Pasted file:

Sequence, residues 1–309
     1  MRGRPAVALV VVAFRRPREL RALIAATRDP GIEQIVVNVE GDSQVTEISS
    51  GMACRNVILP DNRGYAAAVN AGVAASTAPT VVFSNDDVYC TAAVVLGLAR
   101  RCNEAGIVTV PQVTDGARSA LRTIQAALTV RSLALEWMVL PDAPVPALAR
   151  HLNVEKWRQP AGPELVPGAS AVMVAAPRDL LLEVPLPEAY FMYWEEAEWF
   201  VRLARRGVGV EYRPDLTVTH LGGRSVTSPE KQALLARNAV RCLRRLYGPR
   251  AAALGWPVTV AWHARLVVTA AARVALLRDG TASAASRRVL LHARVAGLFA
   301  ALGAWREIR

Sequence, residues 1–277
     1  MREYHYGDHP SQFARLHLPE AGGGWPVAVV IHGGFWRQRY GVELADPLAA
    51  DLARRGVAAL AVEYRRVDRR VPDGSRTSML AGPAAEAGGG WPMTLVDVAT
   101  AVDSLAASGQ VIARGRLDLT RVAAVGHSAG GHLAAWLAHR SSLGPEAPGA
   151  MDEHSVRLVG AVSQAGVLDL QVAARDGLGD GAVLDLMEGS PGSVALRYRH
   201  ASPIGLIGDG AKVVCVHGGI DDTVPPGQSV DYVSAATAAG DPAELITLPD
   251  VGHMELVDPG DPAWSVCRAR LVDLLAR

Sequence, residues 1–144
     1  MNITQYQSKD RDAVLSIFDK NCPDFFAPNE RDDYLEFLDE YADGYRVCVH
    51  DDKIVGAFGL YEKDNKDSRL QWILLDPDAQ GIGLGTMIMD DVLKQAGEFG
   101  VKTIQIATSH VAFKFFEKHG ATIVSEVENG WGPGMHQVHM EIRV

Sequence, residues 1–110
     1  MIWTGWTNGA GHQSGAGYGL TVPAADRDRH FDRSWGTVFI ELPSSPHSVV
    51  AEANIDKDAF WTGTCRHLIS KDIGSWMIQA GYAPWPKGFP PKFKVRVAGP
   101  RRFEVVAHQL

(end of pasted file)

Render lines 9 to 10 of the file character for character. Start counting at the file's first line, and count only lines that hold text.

Sequence, residues 1–277
     1  MREYHYGDHP SQFARLHLPE AGGGWPVAVV IHGGFWRQRY GVELADPLAA